I am a third year graduate student in the Department of Atmospheric Sciences at the University of Washington. My research project deals with atmospheric predictability, specifically focusing on the growth of initial condition errors in idealized numerical simulations of mid-latitude cyclones. My advisor is Professor Dale Durran.
I am originally from Clearwater, Florida, and I received my undergraduate degree in Meteorology and Applied Math from the University of Miami in 2018. In my free time, you can find me swimming, hiking, and cheering on my favorite college and professional sports teams. I also write a blog in which I try to normalize asking "stupid" questions.
How can we improve the ability of numerical models to predict atmospheric phenomena? How do errors of all scales and magnitudes grow in forecasts? How can we reduce these errors?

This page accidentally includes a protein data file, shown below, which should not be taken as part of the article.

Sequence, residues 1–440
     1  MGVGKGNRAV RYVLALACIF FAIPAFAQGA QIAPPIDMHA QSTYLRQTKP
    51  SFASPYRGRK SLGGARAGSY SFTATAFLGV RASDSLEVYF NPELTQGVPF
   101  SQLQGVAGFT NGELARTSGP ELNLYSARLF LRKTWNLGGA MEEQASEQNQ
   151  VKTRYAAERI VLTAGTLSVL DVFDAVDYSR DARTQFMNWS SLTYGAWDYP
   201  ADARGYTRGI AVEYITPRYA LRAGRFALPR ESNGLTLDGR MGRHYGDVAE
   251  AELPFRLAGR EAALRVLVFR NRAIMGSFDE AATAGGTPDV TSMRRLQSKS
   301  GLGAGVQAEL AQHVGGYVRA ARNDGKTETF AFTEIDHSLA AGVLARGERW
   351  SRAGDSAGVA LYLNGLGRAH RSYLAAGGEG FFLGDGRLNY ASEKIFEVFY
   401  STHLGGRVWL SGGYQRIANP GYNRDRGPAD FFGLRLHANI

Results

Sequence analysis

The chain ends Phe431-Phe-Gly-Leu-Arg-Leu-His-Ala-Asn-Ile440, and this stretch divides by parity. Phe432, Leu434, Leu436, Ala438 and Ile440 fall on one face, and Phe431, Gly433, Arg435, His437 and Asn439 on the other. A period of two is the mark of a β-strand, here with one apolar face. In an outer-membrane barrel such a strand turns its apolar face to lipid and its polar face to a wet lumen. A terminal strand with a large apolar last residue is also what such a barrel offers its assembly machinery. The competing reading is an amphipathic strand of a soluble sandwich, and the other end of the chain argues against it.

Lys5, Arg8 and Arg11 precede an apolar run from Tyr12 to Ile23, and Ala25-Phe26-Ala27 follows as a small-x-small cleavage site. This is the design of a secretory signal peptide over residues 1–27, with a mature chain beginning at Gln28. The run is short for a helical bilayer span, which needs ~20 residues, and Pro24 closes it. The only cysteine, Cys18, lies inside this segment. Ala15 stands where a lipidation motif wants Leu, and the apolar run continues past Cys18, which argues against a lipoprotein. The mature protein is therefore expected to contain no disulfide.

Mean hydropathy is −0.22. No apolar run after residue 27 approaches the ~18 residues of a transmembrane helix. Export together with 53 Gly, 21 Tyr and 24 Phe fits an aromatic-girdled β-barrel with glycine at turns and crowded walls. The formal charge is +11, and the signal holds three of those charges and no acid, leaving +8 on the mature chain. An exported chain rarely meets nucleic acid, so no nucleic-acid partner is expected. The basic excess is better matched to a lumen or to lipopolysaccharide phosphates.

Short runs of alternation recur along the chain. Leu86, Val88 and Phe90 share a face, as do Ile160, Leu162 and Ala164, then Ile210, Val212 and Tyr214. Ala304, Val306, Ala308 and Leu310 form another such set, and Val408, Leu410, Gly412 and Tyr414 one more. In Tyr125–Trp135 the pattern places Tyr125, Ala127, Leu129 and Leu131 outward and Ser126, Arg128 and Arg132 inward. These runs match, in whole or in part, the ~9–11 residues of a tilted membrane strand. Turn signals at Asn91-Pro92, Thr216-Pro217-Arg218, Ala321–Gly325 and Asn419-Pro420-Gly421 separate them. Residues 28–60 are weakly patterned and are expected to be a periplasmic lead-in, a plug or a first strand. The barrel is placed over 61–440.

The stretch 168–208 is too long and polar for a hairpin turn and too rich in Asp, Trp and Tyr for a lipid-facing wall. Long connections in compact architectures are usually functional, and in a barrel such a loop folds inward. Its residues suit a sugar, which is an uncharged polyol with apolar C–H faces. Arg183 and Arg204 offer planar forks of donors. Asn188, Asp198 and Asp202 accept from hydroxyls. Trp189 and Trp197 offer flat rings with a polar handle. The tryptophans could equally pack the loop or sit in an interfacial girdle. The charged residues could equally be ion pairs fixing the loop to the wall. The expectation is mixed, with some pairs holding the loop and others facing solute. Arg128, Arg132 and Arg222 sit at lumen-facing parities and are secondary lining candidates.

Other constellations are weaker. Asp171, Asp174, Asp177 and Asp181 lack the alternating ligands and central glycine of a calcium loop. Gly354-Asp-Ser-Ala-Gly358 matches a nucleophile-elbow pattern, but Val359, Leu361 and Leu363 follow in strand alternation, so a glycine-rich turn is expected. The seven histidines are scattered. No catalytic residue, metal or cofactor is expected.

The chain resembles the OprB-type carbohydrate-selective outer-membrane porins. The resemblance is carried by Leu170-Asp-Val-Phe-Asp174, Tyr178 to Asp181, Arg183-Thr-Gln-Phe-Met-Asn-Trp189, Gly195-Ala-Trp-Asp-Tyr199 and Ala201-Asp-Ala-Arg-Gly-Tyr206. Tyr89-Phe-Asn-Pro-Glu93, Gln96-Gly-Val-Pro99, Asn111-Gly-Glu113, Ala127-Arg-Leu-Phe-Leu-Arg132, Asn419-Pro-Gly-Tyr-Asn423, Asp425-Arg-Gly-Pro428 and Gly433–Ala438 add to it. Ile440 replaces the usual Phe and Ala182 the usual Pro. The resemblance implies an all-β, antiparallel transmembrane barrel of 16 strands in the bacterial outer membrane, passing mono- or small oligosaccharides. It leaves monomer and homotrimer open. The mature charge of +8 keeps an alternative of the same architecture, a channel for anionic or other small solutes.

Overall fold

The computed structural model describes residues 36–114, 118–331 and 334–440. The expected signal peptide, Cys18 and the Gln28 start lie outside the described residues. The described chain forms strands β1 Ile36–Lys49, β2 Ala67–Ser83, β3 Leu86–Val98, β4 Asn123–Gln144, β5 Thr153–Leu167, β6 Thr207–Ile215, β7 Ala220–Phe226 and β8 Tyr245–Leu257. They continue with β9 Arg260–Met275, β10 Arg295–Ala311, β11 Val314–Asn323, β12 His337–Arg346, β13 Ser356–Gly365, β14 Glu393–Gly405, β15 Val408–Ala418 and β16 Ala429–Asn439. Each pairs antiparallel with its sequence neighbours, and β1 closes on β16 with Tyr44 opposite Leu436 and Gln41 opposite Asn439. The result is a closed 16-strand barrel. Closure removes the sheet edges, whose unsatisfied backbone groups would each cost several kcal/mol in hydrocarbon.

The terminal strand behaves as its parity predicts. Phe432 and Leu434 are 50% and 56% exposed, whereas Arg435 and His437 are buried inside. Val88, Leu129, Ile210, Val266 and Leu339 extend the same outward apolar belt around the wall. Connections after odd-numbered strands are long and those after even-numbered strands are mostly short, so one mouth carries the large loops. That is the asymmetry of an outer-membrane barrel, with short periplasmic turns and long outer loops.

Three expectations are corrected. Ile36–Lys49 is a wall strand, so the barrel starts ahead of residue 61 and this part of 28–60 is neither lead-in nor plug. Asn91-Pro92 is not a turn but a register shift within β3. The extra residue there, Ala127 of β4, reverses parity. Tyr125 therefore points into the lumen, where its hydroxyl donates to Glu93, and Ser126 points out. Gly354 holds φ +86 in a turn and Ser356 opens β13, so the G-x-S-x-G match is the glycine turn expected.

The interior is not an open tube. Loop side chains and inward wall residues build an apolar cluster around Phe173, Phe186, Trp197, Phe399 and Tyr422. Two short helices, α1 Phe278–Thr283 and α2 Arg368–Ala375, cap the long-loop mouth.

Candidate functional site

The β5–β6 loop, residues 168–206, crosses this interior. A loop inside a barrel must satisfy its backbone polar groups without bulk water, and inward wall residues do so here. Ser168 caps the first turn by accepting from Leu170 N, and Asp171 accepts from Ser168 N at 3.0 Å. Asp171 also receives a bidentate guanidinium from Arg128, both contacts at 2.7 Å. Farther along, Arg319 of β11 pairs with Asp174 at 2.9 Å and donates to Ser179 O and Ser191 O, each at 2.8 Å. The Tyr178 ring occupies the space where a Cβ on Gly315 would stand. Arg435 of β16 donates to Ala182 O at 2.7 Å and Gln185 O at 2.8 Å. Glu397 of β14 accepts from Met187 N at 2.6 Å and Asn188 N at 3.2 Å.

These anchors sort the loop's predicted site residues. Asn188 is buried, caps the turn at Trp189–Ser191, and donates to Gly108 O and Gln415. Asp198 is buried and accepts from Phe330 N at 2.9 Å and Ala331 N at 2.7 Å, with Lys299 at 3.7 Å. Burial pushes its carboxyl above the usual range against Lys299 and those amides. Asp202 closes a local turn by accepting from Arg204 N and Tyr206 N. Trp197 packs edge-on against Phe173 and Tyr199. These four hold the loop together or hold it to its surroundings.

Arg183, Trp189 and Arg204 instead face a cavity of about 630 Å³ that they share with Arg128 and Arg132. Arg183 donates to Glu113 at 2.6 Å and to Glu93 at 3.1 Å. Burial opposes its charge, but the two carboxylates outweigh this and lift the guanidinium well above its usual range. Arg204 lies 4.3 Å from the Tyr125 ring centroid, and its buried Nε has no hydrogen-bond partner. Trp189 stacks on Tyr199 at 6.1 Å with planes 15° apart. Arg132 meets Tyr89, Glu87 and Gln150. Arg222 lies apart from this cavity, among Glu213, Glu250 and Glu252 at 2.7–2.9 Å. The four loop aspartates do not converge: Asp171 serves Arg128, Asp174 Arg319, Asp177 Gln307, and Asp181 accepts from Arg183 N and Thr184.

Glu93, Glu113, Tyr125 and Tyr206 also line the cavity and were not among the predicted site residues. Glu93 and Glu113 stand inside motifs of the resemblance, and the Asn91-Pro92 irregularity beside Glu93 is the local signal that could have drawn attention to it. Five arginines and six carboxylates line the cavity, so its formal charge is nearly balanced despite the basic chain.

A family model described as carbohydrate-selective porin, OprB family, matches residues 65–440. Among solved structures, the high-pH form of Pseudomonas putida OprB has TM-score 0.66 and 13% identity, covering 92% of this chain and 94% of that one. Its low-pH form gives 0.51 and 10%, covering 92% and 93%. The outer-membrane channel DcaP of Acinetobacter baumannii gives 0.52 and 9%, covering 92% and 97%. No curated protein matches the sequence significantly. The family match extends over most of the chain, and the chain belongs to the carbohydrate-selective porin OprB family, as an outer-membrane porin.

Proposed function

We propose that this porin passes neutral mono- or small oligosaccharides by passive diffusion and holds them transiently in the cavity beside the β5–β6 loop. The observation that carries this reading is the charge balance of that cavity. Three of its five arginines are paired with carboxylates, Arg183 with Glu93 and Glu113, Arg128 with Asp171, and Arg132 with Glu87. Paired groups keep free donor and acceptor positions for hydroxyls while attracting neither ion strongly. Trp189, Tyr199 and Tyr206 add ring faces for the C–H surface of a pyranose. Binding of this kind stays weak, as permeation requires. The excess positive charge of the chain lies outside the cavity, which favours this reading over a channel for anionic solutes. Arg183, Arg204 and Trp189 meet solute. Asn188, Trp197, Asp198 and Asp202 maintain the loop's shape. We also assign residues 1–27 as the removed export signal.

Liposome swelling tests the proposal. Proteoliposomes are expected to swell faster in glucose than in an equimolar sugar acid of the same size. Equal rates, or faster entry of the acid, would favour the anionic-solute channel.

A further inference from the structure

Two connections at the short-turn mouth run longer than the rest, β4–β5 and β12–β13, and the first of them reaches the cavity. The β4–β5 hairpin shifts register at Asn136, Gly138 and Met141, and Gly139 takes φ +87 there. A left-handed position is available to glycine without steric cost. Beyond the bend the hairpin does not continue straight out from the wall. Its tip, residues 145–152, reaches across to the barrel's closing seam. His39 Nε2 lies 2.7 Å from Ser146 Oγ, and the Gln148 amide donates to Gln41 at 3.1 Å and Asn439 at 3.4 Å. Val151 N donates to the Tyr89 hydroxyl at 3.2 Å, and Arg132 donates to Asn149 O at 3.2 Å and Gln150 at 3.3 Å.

Why and how does weather happen? How can we improve our understanding of atmospheric features from the microscale to the planetary scale?
How can we use both numerical predictions and our knowledge of the atmosphere to make accurate weather forecasts? How can we better communicate the weather to the general public?
Double major in meteorology and applied mathematics, minor in broadcast journalism
Working on a research project with Professor Dale Durran on initial condition error growth in high-resolution idealized simulations of mid-latitude cyclones
Worked on a research project with Professor Paquita Zuidema on the effects of smoke particles on low clouds over the South Atlantic Ocean
Worked on a summer research project with Dr. Xiaosong Yang looking at the effects of Atlantic sea surface temperature on the predictability of summertime precipitation in the Southeastern United States